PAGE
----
Mary Magdalene's life changed irrevocably. Nothing could be done to change what had happened. After finding the tomb empty in John 20, the other disciples returned to their homes. Mary could not leave.
Jesus was sitting near the temple treasury one day, observing all who passed by. He witnessed many wealthy people give large sums of money to the treasury. He also saw a woman—a poor widow—give two small copper coins, worth just one penny. But Jesus declared, “Truly I tell you, this poor widow has put in more than all those who are contributing to the treasury. For all of them have contributed out of their abundance; but she out of her poverty has put in everything she had, all she had to live on” (Mark 12:43-44).
In the past few years, numerous people have asked me why I make such a big deal about gender equality. Have I experienced such extreme inequality? What traumatic experience drives my activism? Why am I so passionate and outspoken about this issue? People often assume that a tragic event in my personal life led to this behavior.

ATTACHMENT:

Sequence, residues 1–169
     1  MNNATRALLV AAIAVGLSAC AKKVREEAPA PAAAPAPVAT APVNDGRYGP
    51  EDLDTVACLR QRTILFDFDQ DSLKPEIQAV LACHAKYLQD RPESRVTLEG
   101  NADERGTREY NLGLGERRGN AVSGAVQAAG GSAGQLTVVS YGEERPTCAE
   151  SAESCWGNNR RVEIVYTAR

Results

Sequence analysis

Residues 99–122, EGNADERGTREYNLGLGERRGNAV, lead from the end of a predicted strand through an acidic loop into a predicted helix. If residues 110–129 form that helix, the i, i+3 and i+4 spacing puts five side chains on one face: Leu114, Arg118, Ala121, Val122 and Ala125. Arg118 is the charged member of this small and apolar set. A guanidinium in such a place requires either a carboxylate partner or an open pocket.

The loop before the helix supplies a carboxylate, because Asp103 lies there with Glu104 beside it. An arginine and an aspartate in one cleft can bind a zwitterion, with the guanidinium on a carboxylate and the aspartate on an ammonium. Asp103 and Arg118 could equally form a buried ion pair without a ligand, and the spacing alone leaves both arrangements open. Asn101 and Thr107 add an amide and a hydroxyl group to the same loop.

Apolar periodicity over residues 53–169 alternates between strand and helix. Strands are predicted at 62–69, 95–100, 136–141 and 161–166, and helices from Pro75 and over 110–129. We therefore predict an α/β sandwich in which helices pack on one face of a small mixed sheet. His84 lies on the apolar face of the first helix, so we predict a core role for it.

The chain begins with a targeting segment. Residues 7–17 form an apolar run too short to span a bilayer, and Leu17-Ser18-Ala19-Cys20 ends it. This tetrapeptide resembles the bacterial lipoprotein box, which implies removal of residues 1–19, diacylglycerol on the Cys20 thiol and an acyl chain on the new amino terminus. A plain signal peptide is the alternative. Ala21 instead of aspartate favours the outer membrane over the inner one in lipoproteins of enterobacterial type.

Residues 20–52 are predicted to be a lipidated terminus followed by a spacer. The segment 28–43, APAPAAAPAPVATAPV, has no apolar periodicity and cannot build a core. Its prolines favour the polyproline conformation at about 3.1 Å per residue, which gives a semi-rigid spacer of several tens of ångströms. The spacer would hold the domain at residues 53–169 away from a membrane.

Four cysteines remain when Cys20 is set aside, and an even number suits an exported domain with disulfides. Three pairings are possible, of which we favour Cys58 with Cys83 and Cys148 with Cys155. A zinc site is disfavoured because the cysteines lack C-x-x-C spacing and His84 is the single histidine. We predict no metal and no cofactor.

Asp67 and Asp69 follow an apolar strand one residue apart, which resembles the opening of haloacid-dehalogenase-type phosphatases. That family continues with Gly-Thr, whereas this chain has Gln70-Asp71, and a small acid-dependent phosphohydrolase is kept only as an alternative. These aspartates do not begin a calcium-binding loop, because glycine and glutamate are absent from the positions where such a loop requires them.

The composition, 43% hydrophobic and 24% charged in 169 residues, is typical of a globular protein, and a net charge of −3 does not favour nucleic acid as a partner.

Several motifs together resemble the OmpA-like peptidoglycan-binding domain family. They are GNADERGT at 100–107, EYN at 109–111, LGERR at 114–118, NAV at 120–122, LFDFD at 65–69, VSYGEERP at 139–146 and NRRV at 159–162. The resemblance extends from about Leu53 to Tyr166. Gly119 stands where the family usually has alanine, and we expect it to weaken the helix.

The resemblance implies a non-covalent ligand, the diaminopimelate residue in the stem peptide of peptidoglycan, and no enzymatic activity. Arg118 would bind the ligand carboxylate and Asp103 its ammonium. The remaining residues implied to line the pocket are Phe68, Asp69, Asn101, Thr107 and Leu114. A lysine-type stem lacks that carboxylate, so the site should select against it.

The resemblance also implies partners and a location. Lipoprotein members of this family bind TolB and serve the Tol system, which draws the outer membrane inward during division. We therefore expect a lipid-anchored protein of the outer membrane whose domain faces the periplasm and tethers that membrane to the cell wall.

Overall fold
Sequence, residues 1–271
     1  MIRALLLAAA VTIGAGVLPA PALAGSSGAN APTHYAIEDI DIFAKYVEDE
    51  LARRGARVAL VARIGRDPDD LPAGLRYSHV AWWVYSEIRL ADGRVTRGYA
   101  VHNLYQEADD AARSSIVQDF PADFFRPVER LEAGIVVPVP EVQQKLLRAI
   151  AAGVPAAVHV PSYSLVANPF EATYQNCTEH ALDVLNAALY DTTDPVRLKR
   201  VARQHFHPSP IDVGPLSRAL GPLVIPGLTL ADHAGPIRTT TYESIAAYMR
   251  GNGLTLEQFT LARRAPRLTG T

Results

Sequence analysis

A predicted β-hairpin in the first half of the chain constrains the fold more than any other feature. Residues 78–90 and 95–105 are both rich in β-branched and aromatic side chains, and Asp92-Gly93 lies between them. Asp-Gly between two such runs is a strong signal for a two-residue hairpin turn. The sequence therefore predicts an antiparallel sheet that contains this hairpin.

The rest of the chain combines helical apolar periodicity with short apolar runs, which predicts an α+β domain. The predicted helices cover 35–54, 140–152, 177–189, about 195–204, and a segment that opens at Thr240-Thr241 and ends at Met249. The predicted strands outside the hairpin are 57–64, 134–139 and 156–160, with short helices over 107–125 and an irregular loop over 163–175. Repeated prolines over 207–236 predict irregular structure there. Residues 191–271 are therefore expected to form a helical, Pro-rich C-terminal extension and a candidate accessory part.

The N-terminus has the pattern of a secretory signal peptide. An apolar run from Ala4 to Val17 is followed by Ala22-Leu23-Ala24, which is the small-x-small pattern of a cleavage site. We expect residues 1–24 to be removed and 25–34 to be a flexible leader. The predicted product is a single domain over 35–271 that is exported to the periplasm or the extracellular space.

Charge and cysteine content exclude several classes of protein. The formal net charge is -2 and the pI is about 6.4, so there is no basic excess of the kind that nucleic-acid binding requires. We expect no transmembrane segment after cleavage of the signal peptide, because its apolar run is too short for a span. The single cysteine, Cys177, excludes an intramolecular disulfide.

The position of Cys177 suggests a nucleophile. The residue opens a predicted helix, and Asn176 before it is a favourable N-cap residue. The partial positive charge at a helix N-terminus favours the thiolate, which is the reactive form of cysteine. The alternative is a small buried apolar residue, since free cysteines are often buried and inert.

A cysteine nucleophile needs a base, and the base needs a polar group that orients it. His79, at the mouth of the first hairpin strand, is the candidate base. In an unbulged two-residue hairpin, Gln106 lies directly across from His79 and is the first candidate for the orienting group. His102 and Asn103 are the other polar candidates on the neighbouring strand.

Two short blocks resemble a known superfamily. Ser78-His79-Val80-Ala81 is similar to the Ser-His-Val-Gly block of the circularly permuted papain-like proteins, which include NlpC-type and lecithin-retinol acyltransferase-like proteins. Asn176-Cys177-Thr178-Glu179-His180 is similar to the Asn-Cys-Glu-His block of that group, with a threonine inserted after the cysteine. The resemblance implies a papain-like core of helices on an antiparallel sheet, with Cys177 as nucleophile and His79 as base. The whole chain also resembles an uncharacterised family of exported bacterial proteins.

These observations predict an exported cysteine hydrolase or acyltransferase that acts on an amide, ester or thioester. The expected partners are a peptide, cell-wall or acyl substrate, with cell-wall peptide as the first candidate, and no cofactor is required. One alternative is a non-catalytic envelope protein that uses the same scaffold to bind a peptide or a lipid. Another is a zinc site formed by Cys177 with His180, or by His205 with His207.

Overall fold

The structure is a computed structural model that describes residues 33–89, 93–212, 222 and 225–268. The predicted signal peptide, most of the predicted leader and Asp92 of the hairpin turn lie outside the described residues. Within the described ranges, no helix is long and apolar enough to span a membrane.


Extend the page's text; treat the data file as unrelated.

These were among the first women to find in Methodism a liberating power to preach the gospel, but they were not the last. A qualified openness to women as spiritual leaders and preachers carried over into early American Methodism
Christians are used to hearing about Joseph and Mary, usually around Christmas. Then, they’re the supporting cast, and Jesus is the focus. They certainly don’t often come up in conversations about Christian marriage. Perhaps they should.
Tucked away in the story of the growth of the church, a few verses in Acts 16 detail how a top Christian leader endangered both himself and his ministry for the sake of a person with all the counts against her.